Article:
This is where the solution lies for most students. Do something. The extreme ideas presented by writers online are likely to be ignored by most of us, especially those who find themselves living paycheck to paycheck post-college or who are unwilling or unable to sacrifice absolutely everything to be debt free.

However, some sacrifices must be made, and I certainly made my own.

After I graduated in 2009 I had no idea what I wanted to do. Foolishly, I assumed by the time I had finished my Bachelors of Arts degree I would know how to use it. Further education was the most viable option. Becoming a teacher, getting a certification, going into more debt.

An ad in the paper saved me from having to make a tough decision, fortunately, and three months later I was teaching English as a second language in South Korea. All I had to do was sign a year-long contract and my flights were paid for. While there, I was provided free accommodation, free training, heavily subsidized health care, a monthly paycheck and the opportunity to have adventures and travel around Asia for a fraction of the cost. With so much already paid for, my monthly paycheck was more than enough to pay for transportation and food, especially considering how cheap it was to live there. The cheap living costs allowed me to set aside money for repayments with plenty left over for fun.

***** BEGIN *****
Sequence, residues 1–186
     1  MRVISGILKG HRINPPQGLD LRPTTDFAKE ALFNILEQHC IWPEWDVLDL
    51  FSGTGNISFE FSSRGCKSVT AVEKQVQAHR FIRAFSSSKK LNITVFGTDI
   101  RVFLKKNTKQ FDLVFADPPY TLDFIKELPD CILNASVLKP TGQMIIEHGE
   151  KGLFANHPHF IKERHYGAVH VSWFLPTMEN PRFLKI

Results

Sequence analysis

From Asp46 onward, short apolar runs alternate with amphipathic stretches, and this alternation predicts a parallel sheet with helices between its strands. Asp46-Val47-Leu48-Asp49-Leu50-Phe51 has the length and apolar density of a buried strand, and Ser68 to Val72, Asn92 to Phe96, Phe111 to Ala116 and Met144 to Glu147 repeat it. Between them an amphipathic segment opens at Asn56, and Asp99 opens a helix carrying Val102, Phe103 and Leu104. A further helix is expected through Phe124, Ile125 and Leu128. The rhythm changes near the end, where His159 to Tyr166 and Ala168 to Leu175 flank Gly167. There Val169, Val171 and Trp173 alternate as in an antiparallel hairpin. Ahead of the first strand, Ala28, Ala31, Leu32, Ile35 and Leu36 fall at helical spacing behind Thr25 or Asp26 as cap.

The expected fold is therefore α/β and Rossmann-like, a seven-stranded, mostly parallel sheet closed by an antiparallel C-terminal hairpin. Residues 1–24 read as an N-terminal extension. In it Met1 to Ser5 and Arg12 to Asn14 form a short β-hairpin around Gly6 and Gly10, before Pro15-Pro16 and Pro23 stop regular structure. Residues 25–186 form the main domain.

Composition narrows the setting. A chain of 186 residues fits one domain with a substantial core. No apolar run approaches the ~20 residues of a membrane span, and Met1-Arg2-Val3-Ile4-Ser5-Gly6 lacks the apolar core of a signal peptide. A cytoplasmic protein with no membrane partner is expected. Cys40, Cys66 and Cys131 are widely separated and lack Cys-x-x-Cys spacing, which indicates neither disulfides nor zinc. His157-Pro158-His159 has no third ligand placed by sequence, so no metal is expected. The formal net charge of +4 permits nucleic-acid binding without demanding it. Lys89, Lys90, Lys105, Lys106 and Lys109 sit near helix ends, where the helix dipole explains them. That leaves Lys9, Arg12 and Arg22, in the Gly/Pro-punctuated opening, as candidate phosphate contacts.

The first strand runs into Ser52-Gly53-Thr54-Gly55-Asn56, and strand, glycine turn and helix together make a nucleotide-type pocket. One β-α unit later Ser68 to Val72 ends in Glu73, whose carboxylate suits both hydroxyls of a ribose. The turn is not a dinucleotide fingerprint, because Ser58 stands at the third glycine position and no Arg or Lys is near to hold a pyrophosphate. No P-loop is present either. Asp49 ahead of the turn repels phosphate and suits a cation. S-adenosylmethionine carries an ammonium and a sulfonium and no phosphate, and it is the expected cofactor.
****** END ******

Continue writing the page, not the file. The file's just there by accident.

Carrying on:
There is always a cost, however, and the price I paid was not one that all would willingly bear. A year apart from family, living in a country where few speak English and being thrust into a culture and environment that may not be easy to adapt to. I loved living abroad, but I was not so naïve as to ignore the downsides, and I know it takes a certain kind of personality to thrive despite the challenges and homesickness.

I knew what I was willing to give up so I could earn enough to both pay my bills and debt as well as still go out, socialize and travel. I knew I was not ready or disciplined enough to give up my wanderlust so I could pay off my loans quickly, and my choice to pay it off slowly is something I will never regret.